I sure would not want you to let me go along in my own ignorant ways of thinking and doing things not good for me when you could set me straight - but I ask you to please do it kindly. It takes me awhile to get over the shock of being shown I’m wrong about something. And I will try to do the same for you if perchance I suspect you are in a state of ignorance about something important. We are all here to help each other, which means we cannot always agree with each other.
A good example of agreeing with people just to please them can be found in Shakespeare’s play of Hamlet. In that play we find Hamlet and Polonius talking together. Says Hamlet to Polonius, “Do you see yonder cloud that’s almost in shape of a camel?” “By the mass,” says Polonius, “and ‘tis like a camel, indeed.” “Methinks,” says Hamlet, “it is like a weasel.” “It is backed like a weasel,” agrees Polonius. “Or like a whale?” suggests Hamlet. And Polonius consents, “Very like a whale.” After a day spent in being agreeable, Polonius felt satisfied; he had pleased Hamlet, he had made him happy, he had maintained peace between them. A friend like Polonius I can do without. How about you?
Though arguing over the shape of clouds is trivial, expressing our opinions about important things in life is demanded in order to be helpful to one another. We just might lead a few others to thinking things they wouldn’t have thought about without us, we can open doors to others that will remain closed if we don’t speak up. We might introduce others to a whole new world they may never have suspected even existed.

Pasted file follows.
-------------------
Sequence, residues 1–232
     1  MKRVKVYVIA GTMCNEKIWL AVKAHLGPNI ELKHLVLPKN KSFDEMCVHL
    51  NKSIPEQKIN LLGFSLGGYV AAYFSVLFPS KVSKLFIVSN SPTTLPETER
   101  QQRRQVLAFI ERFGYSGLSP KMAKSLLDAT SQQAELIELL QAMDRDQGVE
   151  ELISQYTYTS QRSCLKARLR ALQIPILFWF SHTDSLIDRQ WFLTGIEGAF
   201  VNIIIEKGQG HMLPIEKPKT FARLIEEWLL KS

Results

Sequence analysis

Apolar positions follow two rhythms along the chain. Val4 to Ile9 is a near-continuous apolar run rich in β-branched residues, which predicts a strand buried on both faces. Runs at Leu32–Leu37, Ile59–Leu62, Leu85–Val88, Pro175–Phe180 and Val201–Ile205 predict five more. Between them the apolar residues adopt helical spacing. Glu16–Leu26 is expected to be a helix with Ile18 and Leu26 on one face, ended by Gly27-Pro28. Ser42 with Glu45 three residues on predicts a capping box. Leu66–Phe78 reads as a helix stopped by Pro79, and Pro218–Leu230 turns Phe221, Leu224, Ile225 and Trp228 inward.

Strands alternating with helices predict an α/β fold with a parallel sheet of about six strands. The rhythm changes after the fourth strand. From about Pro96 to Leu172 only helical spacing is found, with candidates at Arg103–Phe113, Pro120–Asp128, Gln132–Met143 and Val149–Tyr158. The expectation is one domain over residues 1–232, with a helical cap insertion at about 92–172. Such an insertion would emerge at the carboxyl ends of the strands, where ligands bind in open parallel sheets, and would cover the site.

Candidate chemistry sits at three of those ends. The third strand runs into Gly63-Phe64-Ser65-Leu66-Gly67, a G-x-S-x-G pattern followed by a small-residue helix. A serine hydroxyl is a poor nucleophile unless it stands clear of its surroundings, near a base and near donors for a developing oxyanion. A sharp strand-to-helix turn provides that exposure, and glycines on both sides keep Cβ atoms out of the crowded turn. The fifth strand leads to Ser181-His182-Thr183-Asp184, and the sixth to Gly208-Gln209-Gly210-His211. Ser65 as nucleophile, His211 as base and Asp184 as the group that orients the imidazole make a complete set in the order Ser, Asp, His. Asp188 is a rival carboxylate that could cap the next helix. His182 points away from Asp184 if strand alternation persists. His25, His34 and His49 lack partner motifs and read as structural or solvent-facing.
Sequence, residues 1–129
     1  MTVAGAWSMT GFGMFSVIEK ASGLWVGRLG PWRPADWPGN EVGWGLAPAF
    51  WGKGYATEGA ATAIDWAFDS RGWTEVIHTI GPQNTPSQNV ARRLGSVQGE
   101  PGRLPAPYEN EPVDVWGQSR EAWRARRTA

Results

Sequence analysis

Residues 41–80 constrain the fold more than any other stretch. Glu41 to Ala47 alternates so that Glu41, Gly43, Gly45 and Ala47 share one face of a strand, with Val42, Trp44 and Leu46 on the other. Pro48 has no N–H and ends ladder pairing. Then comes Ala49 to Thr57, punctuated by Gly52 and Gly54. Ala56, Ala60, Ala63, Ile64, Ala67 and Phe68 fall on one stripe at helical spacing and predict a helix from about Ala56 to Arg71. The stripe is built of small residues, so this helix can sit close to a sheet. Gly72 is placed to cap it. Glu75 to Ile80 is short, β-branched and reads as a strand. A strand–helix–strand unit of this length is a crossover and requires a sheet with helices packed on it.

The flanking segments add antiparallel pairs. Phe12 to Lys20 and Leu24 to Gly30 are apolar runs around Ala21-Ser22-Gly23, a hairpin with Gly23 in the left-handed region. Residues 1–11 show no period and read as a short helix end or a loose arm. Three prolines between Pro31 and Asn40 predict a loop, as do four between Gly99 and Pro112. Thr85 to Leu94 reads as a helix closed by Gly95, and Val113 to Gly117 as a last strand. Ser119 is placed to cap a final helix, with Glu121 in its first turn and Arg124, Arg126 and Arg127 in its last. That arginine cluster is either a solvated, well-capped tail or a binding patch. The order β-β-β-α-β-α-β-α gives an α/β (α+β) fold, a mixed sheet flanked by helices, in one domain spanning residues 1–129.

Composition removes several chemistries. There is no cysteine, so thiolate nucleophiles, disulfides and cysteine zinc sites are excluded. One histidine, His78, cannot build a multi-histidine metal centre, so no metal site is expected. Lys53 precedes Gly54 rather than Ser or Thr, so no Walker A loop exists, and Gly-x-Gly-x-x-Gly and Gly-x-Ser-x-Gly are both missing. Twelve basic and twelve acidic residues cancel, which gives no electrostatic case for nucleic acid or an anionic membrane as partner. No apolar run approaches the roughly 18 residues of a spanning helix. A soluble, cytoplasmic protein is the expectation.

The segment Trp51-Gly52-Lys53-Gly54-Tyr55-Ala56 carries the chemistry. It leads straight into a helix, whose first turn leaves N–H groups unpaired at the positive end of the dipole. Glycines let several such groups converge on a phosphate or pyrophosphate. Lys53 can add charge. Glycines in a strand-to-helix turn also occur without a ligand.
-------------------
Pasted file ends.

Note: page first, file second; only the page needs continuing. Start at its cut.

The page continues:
Please do not be afraid to be with people and speak your ideas. They might need to hear what you have to say. They might need you to take the risk. What you have to say can be of as much value as what anybody else has to say, even more so. What you know might be needed to be known by someone else who, if you don’t speak it, might never again have the opportunity to hear it.
When Jesus told his stories to crowds on the street, to people seated with him for a meal in someone’s home, when he talked privately with individuals, to his apostles and disciples, he tried to get across what he knew they needed to hear. You might not always know what people need to hear, but by allowing yourself to be present where people are, by gathering the courage to enter into a conversation, you might just say the one thing that becomes very valuable to someone else. You might even be the one who someone needs in order to be saved. None of us is on this earth to be hidden away from everybody. None of us is insignificant or unimportant. We are all to be seen and our words listened to and respected. We are also to listen to what others have to say. It might be God speaking. For he speaks through all of us, at least once in awhile.
Jesus went to the home of a leading Pharisee for a meal. While there he observed what others were saying and doing. He learned about them and their needs from paying attention to them. Then he spoke what they needed to hear. I hope you take example from Jesus and enrich our lives and the lives of other people by being courageous and speaking your mind - as kindly as you can.